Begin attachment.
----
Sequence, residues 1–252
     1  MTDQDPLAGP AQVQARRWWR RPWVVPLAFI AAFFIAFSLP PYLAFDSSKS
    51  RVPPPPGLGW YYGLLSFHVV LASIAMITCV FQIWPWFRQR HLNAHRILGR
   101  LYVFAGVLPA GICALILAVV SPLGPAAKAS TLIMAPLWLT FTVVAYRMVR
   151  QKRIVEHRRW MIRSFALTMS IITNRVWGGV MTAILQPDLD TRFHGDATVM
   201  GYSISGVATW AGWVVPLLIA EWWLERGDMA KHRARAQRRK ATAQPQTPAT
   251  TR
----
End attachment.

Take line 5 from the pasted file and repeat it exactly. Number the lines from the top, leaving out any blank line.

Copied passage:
   151  QKRIVEHRRW MIRSFALTMS IITNRVWGGV MTAILQPDLD TRFHGDATVM